McEwan accetta il premio del Jerusalem Book Festival, mentre Eco bolla di razzismo il boicottaggio culturale nei confronti di Isarele.
Everywhere you look the boycott debate is in the news. Last week, acclaimed British writer Ian McEwancaptured headlines for refusing Palestinian calls to boycott the 2011 Jerusalem Book Festival. Instead, McEwan accepted this year’s award with a sharp speech denouncing Israeli behavior towards the Palestinians and visited the weekly Shiekh Jarrah demonstration. Today, the Italian writing legend Umberto Eco caused more BDS controversy with statements denouncing the cultural boycott call as a ‘form of racism.’
Eco told reporters today at the Jerusalem Book Festival that, “I consider it absolutely crazy and fundamentally racist to identify a scholar, a private citizen, with the politics of his government.” Eco’s strong comments reflect the depth of ignorance that is populating the BDS debate. According to Palestinian Campaign for the Academic and Cultural boycott of Israel (PACBI):
“We, Palestinian academics and intellectuals, call upon our colleagues in the international community to comprehensively and consistently boycott all Israeli academic and cultural institutions as a contribution to the struggle to end Israel’s occupation, colonization and system of apartheid, by applying the following: Refrain from participation in any form of academic and cultural cooperation, collaboration or joint projects with Israeli institutions; Advocate a comprehensive boycott of Israeli institutions at the national and international levels, including suspension of all forms of funding and subsidies to these institutions; Promote divestment and disinvestment from Israel by international academic institutions; Work toward the condemnation of Israeli policies by pressing for resolutions to be adopted by academic, professional and cultural associations and organizations; Support Palestinian academic and cultural institutions directly without requiring them to partner with Israeli counterparts as an explicit or implicit condition for such support.”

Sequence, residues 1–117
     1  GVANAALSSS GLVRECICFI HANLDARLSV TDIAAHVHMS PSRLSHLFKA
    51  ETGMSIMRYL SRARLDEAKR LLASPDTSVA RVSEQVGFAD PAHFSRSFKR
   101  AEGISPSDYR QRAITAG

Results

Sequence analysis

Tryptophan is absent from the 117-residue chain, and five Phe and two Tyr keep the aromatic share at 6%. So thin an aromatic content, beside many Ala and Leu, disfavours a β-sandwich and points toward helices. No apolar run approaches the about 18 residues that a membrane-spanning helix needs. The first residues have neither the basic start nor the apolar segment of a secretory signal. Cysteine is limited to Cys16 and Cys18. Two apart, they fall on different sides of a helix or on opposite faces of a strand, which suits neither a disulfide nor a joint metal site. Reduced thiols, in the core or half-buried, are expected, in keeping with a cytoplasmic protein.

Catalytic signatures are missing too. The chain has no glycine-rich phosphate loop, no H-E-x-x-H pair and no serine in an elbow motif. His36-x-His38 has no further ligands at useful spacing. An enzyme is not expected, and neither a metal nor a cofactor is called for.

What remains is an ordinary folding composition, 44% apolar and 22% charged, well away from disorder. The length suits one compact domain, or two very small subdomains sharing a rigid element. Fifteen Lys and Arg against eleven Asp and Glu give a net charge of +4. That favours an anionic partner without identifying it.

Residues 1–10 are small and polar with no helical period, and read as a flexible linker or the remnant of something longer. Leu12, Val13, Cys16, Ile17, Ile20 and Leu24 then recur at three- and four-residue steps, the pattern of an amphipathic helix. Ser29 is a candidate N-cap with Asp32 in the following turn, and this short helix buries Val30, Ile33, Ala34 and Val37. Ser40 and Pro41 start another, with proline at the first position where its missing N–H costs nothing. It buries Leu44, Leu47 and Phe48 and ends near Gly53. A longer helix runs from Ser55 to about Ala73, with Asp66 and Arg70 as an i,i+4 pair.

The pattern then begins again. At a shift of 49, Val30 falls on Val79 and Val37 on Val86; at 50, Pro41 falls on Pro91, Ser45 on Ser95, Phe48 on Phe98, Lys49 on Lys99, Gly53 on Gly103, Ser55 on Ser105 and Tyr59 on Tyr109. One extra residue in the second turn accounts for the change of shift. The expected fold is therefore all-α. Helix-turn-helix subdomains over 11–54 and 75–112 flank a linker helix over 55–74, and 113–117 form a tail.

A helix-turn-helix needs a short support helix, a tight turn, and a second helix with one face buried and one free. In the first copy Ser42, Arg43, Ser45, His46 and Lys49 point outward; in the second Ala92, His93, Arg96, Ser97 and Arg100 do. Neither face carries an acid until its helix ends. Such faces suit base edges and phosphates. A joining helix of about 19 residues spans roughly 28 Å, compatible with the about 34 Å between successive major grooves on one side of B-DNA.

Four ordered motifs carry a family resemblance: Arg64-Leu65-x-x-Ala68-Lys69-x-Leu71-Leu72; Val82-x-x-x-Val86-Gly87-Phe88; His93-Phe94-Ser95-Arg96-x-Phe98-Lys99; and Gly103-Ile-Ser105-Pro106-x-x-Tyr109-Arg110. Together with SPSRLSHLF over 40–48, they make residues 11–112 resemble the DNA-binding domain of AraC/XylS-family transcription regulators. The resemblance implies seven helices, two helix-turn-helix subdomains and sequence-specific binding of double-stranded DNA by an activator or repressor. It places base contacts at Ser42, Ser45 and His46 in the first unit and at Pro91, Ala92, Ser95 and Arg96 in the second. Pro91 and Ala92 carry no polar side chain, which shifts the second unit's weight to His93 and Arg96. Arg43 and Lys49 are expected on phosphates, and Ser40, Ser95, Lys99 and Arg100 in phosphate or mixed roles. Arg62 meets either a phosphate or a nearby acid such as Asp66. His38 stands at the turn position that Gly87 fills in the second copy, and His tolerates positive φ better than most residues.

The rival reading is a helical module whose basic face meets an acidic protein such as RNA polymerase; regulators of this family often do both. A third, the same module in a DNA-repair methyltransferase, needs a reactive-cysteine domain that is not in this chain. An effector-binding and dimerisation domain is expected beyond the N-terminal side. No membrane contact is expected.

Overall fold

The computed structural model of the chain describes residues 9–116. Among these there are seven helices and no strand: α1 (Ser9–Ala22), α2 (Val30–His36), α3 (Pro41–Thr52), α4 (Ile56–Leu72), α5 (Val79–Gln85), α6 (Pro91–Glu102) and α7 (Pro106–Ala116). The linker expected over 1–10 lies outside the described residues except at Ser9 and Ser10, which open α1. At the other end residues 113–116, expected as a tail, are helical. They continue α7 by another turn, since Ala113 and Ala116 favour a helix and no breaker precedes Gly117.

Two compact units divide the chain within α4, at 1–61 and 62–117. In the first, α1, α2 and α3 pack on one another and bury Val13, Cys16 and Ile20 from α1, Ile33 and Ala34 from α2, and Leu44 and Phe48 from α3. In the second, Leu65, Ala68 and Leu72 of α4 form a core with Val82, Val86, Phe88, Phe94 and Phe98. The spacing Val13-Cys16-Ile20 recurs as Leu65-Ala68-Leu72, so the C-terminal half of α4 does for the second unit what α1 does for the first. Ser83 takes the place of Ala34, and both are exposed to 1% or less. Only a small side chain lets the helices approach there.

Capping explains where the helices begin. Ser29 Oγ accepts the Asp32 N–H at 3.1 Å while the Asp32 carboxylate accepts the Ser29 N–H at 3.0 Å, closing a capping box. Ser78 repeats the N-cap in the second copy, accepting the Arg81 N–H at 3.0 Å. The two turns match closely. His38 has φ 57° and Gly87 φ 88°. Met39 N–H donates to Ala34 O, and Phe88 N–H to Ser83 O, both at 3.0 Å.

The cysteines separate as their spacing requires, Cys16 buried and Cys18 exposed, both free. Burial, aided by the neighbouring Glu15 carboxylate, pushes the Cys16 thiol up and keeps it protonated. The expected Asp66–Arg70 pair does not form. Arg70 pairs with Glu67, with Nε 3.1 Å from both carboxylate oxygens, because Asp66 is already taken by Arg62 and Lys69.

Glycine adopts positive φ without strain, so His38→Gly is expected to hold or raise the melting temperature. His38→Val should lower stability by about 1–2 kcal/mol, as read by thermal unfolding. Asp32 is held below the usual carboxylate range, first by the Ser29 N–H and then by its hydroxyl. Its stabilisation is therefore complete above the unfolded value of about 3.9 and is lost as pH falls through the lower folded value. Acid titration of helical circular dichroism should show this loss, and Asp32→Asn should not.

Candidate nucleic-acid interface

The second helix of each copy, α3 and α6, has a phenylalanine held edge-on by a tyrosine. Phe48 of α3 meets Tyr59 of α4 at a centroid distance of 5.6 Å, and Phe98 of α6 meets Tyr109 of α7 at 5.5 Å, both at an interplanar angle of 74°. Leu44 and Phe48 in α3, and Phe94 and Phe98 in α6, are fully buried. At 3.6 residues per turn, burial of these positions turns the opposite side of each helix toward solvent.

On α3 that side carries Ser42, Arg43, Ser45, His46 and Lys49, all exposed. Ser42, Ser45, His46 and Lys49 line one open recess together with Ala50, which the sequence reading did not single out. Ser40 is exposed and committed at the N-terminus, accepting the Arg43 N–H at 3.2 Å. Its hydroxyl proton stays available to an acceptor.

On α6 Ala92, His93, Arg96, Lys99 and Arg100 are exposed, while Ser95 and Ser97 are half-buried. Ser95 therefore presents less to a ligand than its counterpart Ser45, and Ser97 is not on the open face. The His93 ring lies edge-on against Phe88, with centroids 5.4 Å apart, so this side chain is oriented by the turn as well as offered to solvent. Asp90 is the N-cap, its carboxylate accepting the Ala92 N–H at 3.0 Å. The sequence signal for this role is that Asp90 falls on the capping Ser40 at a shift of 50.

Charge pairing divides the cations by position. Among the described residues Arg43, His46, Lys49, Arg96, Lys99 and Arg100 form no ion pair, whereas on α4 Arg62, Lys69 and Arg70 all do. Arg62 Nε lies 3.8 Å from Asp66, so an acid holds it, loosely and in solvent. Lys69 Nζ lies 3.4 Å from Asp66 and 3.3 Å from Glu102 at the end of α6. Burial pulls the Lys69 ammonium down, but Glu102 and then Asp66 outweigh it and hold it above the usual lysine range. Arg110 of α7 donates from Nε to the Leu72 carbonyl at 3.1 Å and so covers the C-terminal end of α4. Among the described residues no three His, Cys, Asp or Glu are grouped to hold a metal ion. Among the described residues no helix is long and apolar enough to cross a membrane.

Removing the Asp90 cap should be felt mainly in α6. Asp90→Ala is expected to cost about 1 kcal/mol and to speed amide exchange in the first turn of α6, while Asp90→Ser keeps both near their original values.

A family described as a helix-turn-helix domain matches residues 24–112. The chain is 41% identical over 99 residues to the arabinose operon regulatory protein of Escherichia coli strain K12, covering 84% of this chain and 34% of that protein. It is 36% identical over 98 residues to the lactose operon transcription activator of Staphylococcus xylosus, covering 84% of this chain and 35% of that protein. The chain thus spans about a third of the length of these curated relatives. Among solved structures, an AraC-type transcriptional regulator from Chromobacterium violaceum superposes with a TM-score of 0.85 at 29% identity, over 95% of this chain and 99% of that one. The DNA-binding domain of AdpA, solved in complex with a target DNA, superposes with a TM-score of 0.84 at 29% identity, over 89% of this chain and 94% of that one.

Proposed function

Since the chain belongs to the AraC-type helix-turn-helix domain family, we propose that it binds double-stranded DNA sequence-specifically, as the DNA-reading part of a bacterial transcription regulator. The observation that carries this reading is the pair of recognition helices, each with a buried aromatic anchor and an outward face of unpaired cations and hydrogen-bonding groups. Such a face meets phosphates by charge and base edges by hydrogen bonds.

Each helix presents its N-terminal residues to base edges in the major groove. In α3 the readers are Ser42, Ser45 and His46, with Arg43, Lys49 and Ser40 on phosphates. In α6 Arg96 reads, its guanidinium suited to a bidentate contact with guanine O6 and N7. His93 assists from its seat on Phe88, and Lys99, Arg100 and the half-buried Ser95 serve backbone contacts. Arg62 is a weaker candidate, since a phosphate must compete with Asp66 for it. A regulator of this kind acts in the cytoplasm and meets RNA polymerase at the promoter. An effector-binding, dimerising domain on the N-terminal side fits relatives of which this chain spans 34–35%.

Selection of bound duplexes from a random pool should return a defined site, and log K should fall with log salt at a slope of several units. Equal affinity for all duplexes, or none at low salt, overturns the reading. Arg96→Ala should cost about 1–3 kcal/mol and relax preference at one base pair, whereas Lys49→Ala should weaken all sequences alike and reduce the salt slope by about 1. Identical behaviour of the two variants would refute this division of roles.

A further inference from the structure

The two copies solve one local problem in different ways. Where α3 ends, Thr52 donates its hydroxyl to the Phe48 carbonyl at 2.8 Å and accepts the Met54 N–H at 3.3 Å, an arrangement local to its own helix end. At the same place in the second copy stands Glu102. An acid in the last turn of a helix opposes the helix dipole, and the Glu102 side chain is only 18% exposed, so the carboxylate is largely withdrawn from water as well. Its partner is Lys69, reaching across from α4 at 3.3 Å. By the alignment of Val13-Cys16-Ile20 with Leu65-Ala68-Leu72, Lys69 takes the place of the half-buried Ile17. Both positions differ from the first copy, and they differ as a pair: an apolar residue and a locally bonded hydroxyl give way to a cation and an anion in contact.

Notice that nothing is mentioned about individual Israeli academics in these points. The boycott is designed to target Israeli institutions that benefit from, assist and entrench the occupation. Individual Israelis and Jews are not included in this call. PACBI recently released a statement saying that, “our campaign has consistently targeted Israel and its complicit institutions, not individuals.”
Soon, the Israeli government will make public support of BDS illegal for Israelis. The time to have an honest and serious discussion about the movement, its aim and its effectiveness is now. Pandering to fears by using false accusations will achieve little other than enliven supporters of extremist Israeli policies. Enemies of Palestinian nonviolence have painted the BDS movement as an attempt to de-legitimatize Israel and Israelis. What BDS does, increasingly effectively, is draw attention to Israeli occupation, conquest and aggression using nonviolent tactics. Leaving us with a simple question: Does the Occupation de-legitimize Israel or do nonviolent efforts to stop it?